LAWS3146/JURD7346 Human Rights Law in Practice – Overseas Elective (New York)

Lecturer: Justine Nolan (2015)
Pre-requisite: Crime & Criminal Process (LAWS1021/JURD7121) & Criminal Laws (LAWS1022/JURD7122) OR Crim. Law 1 (LAWS1001/JURD7101) & Crim. Law 2 (LAWS1011/JURD7111).
Co-requisite: Litigation 1 [LAWS2311/ JURD7211] OR Res. Civil Disp. (LAWS2371/JURD7271)

This course is offered in July 2017 at Columbia University in New York. It is taught by UNSW’s Justine Nolan and a number of American human rights lawyers and practitioners. It examines the operation of human rights law in practice in international, regional and domestic (primarily the US) context. The course draws together leading US and international human rights lawyers to provide cutting-edge case studies from US courts, regional human rights commissions and the UN system. It also provides students with doctrinal foundations in international human rights law and its incorporation into domestic law, as well as an introduction to the US Bill of Rights and civil rights law. The course includes case studies on current human rights issues relevant to both US and Australia. It encourages students to critically reflect on the efficacy of key institutions, actors and strategies to promote and protect human rights at home and abroad. The program will include (subject to availability) field visits to the United Nations and other cultural institutions.

What is this course about?

This course is taught at Columbia University, New York and focuses on the practical application of human rights law. We examine human rights issues of particular relevance to the US including marriage equality, refugees, terrorism and civil rights. It is taught in conjunction with a wide variety of US based human rights practitioners including US academics and representatives from NGOs like Human Rights Watch and the Centre for Constitutional Rights.

Why does this subject interest you?
The US has long been at the forefront of human rights protection but more recently has taken a combative approach to some rights. Studying these issues through both a US and Australian lens makes the comparison of human rights application really interesting. We usually undertake a couple of fieldtrips including to the UN and the quality of guest speakers is stellar. The focus of this course is all about the implementation and practical application of human rights both in the US and abroad.

Do you have any advice to students taking this course?
This course offers amazing opportunities for students not only to visit NY but to see human rights in action. However to get the most out of this intensive students need to be prepared and do reading prior to the start of the course. This way they can make more of their leisure time in NY!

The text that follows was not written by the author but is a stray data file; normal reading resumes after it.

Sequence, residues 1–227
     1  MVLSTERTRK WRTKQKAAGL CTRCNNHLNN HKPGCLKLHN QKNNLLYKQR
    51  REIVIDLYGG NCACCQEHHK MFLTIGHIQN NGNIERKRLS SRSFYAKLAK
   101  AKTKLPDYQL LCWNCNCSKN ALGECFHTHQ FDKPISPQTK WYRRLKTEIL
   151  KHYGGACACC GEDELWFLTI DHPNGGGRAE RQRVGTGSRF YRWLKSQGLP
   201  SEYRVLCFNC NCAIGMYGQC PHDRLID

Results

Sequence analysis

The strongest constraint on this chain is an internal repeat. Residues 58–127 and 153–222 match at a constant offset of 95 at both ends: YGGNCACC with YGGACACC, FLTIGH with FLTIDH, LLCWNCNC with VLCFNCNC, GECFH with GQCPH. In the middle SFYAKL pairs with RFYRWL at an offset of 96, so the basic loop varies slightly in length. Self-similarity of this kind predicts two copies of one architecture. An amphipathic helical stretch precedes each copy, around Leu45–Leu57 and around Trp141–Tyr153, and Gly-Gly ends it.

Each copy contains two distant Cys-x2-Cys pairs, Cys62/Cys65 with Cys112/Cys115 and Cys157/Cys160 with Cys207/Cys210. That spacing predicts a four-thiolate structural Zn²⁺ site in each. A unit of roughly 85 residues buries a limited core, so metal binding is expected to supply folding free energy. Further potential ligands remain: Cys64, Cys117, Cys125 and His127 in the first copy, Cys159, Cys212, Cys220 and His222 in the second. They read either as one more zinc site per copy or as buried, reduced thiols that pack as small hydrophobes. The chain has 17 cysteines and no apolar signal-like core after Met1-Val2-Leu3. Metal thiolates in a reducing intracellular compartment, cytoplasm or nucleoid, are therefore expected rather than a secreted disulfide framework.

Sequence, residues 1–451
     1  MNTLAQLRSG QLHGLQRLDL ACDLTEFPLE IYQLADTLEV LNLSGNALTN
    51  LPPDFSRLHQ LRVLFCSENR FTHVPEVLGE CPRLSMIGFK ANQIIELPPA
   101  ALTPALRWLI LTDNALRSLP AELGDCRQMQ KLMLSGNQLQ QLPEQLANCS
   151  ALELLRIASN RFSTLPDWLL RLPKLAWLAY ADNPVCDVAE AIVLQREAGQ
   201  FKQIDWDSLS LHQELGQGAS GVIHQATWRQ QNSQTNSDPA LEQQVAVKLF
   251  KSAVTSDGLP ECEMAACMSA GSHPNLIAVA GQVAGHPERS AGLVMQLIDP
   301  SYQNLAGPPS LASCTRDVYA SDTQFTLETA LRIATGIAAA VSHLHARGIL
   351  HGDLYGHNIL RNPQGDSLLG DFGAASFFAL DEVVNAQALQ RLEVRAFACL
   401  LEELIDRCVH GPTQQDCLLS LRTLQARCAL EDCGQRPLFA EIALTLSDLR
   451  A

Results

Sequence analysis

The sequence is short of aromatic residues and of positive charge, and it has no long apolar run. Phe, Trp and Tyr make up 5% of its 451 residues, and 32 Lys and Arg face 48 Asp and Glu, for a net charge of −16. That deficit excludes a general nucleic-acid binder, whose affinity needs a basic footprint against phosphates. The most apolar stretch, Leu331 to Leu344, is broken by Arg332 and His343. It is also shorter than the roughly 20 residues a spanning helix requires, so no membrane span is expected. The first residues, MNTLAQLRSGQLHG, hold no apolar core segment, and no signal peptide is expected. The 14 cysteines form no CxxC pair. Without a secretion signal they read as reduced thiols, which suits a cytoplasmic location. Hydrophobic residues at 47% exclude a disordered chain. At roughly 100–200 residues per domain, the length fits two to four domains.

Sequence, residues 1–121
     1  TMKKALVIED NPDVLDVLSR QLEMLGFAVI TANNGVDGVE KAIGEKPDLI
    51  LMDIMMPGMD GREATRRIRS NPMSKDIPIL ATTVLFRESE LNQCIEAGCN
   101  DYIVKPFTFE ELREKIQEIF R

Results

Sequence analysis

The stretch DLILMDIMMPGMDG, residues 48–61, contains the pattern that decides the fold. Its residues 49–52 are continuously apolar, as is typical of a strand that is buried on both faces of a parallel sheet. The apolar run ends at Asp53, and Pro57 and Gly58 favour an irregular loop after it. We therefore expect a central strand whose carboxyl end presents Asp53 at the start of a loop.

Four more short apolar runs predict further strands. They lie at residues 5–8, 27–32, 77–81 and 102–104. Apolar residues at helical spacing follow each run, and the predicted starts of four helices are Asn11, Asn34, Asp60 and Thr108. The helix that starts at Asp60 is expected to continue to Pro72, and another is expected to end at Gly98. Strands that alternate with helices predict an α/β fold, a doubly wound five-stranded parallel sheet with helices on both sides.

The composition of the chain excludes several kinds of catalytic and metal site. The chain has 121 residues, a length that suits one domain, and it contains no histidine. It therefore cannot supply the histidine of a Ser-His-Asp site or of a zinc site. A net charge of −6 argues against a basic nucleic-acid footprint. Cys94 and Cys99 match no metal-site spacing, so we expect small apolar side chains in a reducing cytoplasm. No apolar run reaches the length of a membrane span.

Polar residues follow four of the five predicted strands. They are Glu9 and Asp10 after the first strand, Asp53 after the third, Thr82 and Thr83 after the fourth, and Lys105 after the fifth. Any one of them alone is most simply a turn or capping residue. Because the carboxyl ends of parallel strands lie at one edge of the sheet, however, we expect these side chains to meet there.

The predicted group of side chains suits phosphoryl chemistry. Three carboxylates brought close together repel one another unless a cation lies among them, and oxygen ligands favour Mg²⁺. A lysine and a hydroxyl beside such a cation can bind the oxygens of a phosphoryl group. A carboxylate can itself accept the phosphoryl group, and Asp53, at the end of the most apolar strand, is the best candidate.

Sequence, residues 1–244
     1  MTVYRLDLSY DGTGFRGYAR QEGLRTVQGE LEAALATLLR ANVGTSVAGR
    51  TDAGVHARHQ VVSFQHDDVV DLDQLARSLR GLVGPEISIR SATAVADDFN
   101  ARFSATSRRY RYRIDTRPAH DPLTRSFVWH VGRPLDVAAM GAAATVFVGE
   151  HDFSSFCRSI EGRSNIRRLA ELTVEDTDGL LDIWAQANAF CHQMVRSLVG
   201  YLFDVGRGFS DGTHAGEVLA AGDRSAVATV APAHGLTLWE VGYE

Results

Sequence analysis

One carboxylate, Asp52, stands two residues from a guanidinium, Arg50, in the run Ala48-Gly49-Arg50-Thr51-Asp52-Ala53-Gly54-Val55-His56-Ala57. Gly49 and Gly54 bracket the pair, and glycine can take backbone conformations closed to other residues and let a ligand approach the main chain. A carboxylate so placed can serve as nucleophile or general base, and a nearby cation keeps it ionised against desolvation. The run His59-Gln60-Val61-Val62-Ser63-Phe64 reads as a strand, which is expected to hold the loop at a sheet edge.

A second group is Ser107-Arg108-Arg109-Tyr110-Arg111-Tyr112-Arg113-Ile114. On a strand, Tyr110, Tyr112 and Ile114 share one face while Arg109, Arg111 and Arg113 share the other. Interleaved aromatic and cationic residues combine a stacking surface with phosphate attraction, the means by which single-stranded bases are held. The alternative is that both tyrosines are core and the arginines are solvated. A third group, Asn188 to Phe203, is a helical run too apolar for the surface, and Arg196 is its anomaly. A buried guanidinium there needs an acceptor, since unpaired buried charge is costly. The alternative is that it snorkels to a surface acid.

How will this course be relevant in the future?
Students with a wide variety of backgrounds have taken this course. Some were on a dedicated human rights career path but others just took the opportunity to get to NY. However this course has managed to convert a number of students to further engage in human rights study or think about how they might engage with these issues in their commercial law practice. This course offers students the opportunity to meet with a number of US practitioner working in human rights and UNSW alumni working in NY on human rights.

Student: Preeta Seshachari 

What was the best thing about New York Summer School?
It’s hard to identify just one thing that I loved about the summer school program. However I have to say it was a great experience to make a home out of Columbia University for two weeks. You could begin the day by exploring the beautiful campus or by going for a leisurely stroll in the nearby Central Park. Then your class would begin, which consisted of engaging discussions with guest speakers who were experts in their field. After class, you would be left to your own devices and have an opportunity to do some further exploring. At the end of the day you would come back to your dorm in Carmen Hall and get to chat to your roommate about all the amazing things you got to see and do during the day. For me, that lifestyle was the best part of the New York Summer School experience.

Why did you decide to go to New York Summer School?
The course content appealed to me. I was already in the process of completing LAWS3182 (International Human Rights and Advocacy) and wished to further my legal education in the field. Additionally, I had heard great things about the course from students who had already taken it and I was eager to visit New York.

How do you think that your time in New York enhanced your legal education?
Justine Nolan, our accompanying lecturer, arranged talks by exceptional guest speakers. They would come to class to spark discussion and we would ask them questions and learn more about their work in New York and what they were doing overseas. For those considering a career in human rights, it was a great opportunity to learn about not only the perks, but also the challenges of working within their respective fields. The quality of guest speakers was extraordinary. Justine even managed to arrange a visit from the former United States Assistant Secretary of State, Michael Posner.

Would you recommend this summer school to others?
Absolutely! Without a doubt New York Summer School was the highlight of my tertiary education. Justine was a fantastic accompanying lecturer, the guest speakers were inspiring and I had a lot of fun with my cohort.